SAP's mixed-up confusion
November 29, 2006
Thomas Otter, a smart technology blogger who works for the corporate software giant SAP in Germany, finds himself baffled and befuddled these days. He can't figure out what "software-as-a-service" means. "For ages," he writes, rhetorically scratching his head, "I have been trying to figure out what SaaS is. I’m still no clearer, and I have read masses of posts, analyst reports [and] marketing materials." Is the essence of SaaS, he wonders, "that it is hosted and that [it] is multitenant," or "that it is hosted, multitenant, subscription based, uses AJAX , REST, RSS, is completely brand new ... and knows the secret SaaS handshake"?
Methinks the good fellow doth protest too much.
If SAP needs a lesson in what SaaS is, it should take a look at what one of its competitors, Glovia, is doing. Glovia, which was acquired by Fujitsu in 2000, offers an enterprise resource planning (ERP) system tailored to the particular needs of manufacturing companies. Its basic, bread-and-butter product - used by about 1,000 companies - is a traditional enterprise application that, like SAP's, is licensed to clients for a hefty fee. The clients are responsible for building or renting the infrastructure (servers, database, network, etc.) that the application runs on. It's all very complicated, as enterprise software has to be (or so we've been taught) .
Last month, though, Glovia introduced a new version of its software, aimed at the many small and mid-sized manufacturers who find it hard to afford traditional, complex enterprise applications and all the related software, hardware, staff, and consultants required to install and run them. The new version, called GSInnovate, is provided as a single, all-in-one service, incorporating both the application and the infrastructure that runs it, which clients tap into over the Internet using a web browser. The software is simpler than the traditional version, having 22 modules rather than 70, but it's still customizable through various process templates. The client pays a simple monthly fee for the service and can discontinue it at any time. There's no license, no lock-in.
That's what SaaS is.
Glovia recently announced that its SaaS service will run on the utility computing infrastructure operated by Deutsche Telekom's T-Systems unit. It's a modern, leading-edge software-as-a-service infrastructure: virtualized and multitenant. In other words, no pieces of hardware are dedicated to individual clients. Everything's pooled together and shared, so it's very efficient and it scales up and down easily. Next month, T-Systems will be officially opening a utility data center in Jacksonville, Florida, its first in the U.S., which I assume will handle a lot of Glovia's needs.
What's interesting is that SAP also has a close partnership with T-Systems' utility arm. Many SAP clients, particularly in Europe, use T-Systems' multitenant architecture to host their SAP applications. The difference is that SAP continues to keep the fee for the application separate from the fee for the infrastructure. It continues to force on its customers the cumbersome fragmentation inherent in the traditional model of business software - and the license that symbolizes and perpetuates that fragmentation.
That's not what SaaS is.
The reason that Otter and SAP find it so hard to bring SaaS into clear focus probably has less to do with the nature of SaaS than with their own vision. They aren't yet able to see beyond the license.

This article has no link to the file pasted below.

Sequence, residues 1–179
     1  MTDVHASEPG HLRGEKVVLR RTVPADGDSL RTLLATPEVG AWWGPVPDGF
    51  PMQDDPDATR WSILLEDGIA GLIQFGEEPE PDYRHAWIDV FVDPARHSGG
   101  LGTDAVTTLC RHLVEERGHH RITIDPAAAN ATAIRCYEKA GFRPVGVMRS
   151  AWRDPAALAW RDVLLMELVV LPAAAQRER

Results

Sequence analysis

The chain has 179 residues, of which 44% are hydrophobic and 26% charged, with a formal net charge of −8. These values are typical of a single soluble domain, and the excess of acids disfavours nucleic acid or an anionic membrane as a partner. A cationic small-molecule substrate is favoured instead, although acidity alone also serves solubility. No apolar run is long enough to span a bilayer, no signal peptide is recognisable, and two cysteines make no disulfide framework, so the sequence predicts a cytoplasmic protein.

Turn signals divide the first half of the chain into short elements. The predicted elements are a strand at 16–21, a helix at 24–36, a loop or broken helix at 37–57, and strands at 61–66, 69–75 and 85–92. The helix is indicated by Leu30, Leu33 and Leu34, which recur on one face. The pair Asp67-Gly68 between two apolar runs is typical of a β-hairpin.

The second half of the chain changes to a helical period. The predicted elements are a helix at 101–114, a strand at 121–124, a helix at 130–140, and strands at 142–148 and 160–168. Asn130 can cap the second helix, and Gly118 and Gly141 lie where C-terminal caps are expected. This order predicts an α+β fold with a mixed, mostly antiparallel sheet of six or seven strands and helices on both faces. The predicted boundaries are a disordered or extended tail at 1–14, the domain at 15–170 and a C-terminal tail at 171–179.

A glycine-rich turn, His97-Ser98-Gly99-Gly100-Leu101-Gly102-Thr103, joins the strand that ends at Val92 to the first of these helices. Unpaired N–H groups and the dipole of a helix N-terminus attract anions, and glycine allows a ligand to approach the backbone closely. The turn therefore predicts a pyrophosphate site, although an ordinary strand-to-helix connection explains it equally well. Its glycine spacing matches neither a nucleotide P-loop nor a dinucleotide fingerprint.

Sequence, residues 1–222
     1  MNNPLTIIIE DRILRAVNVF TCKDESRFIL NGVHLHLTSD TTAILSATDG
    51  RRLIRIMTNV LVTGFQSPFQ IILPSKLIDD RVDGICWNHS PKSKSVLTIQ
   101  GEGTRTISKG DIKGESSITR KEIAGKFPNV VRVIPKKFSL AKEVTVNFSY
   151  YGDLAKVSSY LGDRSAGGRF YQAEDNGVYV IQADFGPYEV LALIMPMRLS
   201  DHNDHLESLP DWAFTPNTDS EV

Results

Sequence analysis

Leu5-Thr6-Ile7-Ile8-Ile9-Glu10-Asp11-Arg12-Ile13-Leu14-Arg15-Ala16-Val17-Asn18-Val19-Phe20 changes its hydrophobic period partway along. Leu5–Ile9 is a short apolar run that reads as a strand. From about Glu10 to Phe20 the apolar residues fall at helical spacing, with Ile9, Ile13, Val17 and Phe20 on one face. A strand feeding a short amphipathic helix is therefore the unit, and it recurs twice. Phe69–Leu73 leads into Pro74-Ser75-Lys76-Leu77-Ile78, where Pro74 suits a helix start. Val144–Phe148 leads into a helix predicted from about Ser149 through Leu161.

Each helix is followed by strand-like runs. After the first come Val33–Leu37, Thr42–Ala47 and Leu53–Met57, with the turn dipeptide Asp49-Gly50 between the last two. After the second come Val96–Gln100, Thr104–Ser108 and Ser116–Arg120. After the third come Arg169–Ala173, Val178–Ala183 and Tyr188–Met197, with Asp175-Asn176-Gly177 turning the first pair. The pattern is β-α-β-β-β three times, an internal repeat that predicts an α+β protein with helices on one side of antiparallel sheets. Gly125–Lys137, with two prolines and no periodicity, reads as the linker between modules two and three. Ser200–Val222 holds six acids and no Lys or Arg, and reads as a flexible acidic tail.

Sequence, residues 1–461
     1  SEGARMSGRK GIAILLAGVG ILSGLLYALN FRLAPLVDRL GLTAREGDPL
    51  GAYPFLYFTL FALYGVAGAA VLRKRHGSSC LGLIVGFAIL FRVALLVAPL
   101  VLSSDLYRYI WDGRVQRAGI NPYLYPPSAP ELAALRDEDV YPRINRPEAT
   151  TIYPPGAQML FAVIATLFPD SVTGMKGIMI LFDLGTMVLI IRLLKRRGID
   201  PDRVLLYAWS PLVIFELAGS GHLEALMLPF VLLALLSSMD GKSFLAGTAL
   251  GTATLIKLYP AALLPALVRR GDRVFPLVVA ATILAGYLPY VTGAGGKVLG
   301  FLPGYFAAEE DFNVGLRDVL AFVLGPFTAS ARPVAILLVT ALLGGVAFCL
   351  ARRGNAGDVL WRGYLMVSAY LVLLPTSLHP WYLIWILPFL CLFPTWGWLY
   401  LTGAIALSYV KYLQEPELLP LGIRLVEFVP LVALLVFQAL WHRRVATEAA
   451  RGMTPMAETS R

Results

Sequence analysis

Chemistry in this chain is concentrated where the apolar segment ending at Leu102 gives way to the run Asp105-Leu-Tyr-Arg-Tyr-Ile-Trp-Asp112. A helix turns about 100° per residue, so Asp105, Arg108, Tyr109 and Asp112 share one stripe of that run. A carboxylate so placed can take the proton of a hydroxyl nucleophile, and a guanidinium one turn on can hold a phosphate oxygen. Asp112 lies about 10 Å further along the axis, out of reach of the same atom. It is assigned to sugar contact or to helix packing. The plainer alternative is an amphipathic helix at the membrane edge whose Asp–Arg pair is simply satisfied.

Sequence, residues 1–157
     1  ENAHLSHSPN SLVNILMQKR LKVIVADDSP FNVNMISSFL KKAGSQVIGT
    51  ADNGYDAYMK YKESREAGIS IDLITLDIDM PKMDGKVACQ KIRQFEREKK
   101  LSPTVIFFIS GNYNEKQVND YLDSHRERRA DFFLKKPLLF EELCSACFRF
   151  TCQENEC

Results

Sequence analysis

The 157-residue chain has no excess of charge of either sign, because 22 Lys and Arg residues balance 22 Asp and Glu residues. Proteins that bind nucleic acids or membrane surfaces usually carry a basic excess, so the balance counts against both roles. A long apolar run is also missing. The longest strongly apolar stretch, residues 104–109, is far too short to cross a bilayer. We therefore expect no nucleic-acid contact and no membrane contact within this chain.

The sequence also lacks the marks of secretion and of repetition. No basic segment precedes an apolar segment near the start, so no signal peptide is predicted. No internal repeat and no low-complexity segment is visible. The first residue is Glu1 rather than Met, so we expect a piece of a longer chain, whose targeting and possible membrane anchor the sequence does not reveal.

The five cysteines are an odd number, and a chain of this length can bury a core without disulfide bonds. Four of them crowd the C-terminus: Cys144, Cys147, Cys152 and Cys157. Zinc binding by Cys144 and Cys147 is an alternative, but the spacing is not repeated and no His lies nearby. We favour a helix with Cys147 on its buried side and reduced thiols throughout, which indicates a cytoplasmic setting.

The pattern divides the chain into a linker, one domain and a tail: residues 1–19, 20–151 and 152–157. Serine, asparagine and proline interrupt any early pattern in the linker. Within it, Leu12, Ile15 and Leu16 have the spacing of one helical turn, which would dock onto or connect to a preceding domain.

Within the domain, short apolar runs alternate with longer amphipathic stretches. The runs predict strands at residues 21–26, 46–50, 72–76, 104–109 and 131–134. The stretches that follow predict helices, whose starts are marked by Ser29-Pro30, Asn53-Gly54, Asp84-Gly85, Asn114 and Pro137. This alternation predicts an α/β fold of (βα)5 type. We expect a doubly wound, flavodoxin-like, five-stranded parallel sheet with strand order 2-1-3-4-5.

I looked up T-Systems after reading your post, and found the following on a May 2006 press release:
"Companies of every size can outsource all of their SAP applications together with the related business processes to T-Systems on a global scale. T-Systems provides access to the SAP systems at workstations based on demand and operates the applications from its own data centers. This gives customers a global contact, and they no longer have to coordinate multiple service providers. This saves on costs and enables companies to react quickly to new demands."
It sounds like SAP has a similar-ish vision to Glovia's; wouldn't this be considered a step towards SaaS?
Posted by: Isabel Wang at November 29, 2006 04:45 PM
"The software is simpler than the traditional version, having 22 modules rather than 70, but it's still customizable through various process templates."
I'm curious to know what the difference in customization abilities is between the two versions. My sense is that one of the reasons that large enterprise customers are not moving en masse to SaaS has to do with level of customization that the single tenant model allows (or doesn't allow). If, for example, you have the industry leading processes around procurement in manufacturing, why would you use a solution that requires you to follow "best practices" around this process? By adopting a single tenant solution wouldn't you be limiting your ability to do exactly that which makes your company industry leading? Now this may not be as important in different situations, vanilla SFA for example.
Also, it's interesting that SAP's CRM On Demand product wasn't mentioned. While not a truly single-tenant system, it does do away with the complaint around two fees/licenses (application and infrastructure).
Posted by: Mark Crofton at November 29, 2006 04:50 PM
Isabel, It's definitely a step toward SaaS on the infrastructure side (the T-Systems side) but as I understand it SAP treats the arrangement as any other hosted arrangement, with the usual licensing model, so it's not a SaaS model on the application side (the SAP side). If I'm mistaken here, I'd be happy to be corrected.
Mark, It's certainly true that, at this point, SaaS doesn't offer the degree of customization that on-premise does (though enterprise-app customization has, of course, been a two-edged sword for a lot of companies), but I think we're seeing, in, say, what Glovia and what Salesforce are doing, that considerable customization will be possible in multitenant architectures. Salesforce, for instance, achieves the customization in the database rather than in the underlying application. (But I'm getting out of my technical depth here, so if a more knowledgeable commenter would like to chime in, please do so.)
Posted by: Nick Carr at November 29, 2006 05:16 PM
I think Thomas is right that "SaaS" as a category has very fuzzy boundaries, but I'm not sure it matters. Mark gives SAP's standard response of "customization", but that's just a euphemism for "complexity".